It is upon this writing that the plaintiff relies for a recovery against the defendant, his claim being that said "memorandum" created a new promise, within the intent of section 360 of the Code of Civil Procedure, against which the statute has not run, since the action founded upon the promise so created was brought within four years after the date of the "memorandum." It is argued, in purported support of this position, that, although the defendant's name is nowhere attached to said "memorandum," the document is, nevertheless, within the meaning of said section 360, an "acknowledgment" from which a new promise is implied and created, and that "a printed name is sufficient to satisfy the statute where the paper is delivered under circumstances showing an intention to regard the printed name as a person's own, and so in effect to adopt it as his signature."

Thus it will be observed that, since, concededly, the note was barred by the statute of limitations after March 30, 1913, the right to maintain this action must depend upon whether the finding of a new promise to assume and pay the indebtedness evidenced by the note in question is supported by the evidence.

Section 360 of the Code of Civil Procedure, supra, provides: "No acknowledgment or promise is sufficient evidence of a new or continuing contract, by which to take the case out of the operation of this title, unless the same is contained in some writing, signed by the party to be charged thereby."

The defendant contends that the "written memorandum" referred to is not such a writing as will take the case out of the operation of the above section; that it is insufficient under the terms of the statute of frauds to charge either the defendant or the corporation with liability for payment of the debt; that in no event can either the defendant or the corporation be held liable to the plaintiff, since the uncontroverted evidence shows that there was no privity of contract between either and the plaintiff.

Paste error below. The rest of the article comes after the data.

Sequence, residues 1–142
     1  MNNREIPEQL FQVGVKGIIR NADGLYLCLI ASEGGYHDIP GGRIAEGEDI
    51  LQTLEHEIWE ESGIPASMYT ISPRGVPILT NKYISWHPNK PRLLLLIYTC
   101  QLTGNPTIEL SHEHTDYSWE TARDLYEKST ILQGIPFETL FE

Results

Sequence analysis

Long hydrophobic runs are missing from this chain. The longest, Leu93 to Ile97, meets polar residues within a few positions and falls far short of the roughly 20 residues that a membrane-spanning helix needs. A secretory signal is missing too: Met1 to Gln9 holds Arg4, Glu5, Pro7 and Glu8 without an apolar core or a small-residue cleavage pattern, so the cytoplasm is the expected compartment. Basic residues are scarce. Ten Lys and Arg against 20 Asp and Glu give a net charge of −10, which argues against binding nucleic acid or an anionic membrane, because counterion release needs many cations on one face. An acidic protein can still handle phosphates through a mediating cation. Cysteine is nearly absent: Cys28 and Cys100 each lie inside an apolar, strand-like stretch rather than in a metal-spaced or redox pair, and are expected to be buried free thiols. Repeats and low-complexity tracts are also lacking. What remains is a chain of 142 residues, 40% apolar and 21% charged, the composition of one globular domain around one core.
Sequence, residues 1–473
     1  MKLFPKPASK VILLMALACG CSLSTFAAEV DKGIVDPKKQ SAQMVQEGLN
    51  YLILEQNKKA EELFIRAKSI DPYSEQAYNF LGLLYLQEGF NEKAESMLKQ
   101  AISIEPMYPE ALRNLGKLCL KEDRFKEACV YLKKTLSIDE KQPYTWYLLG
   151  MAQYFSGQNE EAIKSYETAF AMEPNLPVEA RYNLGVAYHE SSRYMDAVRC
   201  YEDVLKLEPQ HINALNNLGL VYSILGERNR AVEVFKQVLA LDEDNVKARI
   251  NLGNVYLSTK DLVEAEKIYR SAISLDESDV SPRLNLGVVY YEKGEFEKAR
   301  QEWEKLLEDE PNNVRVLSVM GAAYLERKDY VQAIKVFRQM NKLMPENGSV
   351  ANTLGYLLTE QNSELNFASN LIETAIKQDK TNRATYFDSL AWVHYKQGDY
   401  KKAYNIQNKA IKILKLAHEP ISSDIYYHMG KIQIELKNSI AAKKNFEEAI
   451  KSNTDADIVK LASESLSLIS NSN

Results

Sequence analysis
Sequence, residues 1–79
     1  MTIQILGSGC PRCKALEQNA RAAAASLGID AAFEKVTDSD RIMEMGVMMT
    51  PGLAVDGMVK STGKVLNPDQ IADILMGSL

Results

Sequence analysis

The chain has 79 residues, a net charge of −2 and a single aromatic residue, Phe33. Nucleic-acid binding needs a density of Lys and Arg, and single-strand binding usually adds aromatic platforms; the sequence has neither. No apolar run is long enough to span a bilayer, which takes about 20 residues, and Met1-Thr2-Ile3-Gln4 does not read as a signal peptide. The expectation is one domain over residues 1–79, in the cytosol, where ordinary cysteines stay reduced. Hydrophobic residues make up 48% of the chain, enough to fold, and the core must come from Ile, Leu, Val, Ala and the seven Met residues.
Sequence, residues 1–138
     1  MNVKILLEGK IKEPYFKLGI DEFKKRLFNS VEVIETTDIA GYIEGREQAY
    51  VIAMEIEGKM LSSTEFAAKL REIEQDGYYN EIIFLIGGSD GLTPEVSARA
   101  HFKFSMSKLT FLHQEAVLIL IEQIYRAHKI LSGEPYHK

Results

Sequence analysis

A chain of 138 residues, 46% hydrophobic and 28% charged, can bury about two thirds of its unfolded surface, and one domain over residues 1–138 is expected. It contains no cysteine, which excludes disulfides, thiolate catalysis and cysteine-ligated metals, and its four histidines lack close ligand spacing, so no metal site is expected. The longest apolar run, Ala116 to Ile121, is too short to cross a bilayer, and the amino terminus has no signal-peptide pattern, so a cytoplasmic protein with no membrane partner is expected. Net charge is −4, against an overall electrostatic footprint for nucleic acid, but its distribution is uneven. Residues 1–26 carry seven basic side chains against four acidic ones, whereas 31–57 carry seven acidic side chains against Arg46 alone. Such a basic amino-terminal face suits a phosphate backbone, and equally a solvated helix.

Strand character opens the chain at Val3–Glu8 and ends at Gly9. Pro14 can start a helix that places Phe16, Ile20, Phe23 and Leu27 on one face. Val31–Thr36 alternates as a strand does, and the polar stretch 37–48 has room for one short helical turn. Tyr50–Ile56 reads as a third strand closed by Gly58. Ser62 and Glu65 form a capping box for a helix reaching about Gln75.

In the first place, we express the opinion that the evidence, as it is presented by the record here, is wholly insufficient to sustain that part of finding No. 2 which reads as follows: "That it is true that thereafter and on the 30th day of March, 1911, at the town of Westport, . . . the said J. W. Lowell and said defendant, A. J. Lowell, with the consent of the said plaintiff, (did) represent to said plaintiff that he, the said J. W. Lowell, would transfer all of his property and said business to the defendant, and the defendant, A. J. Lowell, then and there did agree to and with the said plaintiff to pay and discharge the payment of said promissory note and interest due thereon, and that may become due thereon."

The only testimony that we have been able to find in the record from which a possible inference might arise that the agreement referred to in said finding was made, other than the written statement of account rendered to the plaintiff by the corporation and above described, is the following given by the plaintiff: That when A. J. Lowell paid the interest on the note on the thirtieth day of March, 1911, a conversation took place between him and A. J. Lowell concerning said payment. "Q. State what was said and where and who was present at the time the payment was made. A. I can't give the exact words. Q. Well, in substance, what you understood what was said? A. We were talking about the note and Mr. A. J. Lowell was to pay the note and he paid me that interest the first year. Q. You mean in 1911? A. Yes, sir. Q. That was the first interest paid by A. J. Lowell? A. Yes, sir. Q. At that time was there anything said about releasing J. W. Lowell? A. Yes, sir. Q. Since that time, who have you looked to for the payment of this note? A. Mr. A. J. Lowell. Q. Now, since 1911, were any other payments made by Mr. A. J. Lowell? A. Yes, sir. Q. When was the next payment made? A. Some time in 1912." He testified that a further payment was made in 1913, and said he had a writing to show said payment, referring to the statement (above referred to) showing the account between plaintiff and the corporation for merchandise furnished the former by the latter and which contained the credit item of $140 for interest then due on the two notes — the note in suit and the note of the corporation to the plaintiff.

On redirect examination, the plaintiff testified that, near the time at which J. W. Lowell and his wife accepted the award made by the arbitrators who had been selected to adjust and settle their respective rights in their community property, A. J. Lowell told him that J. W. Lowell had assigned the mortgaged premises to him and that he (A. J.) had received said property.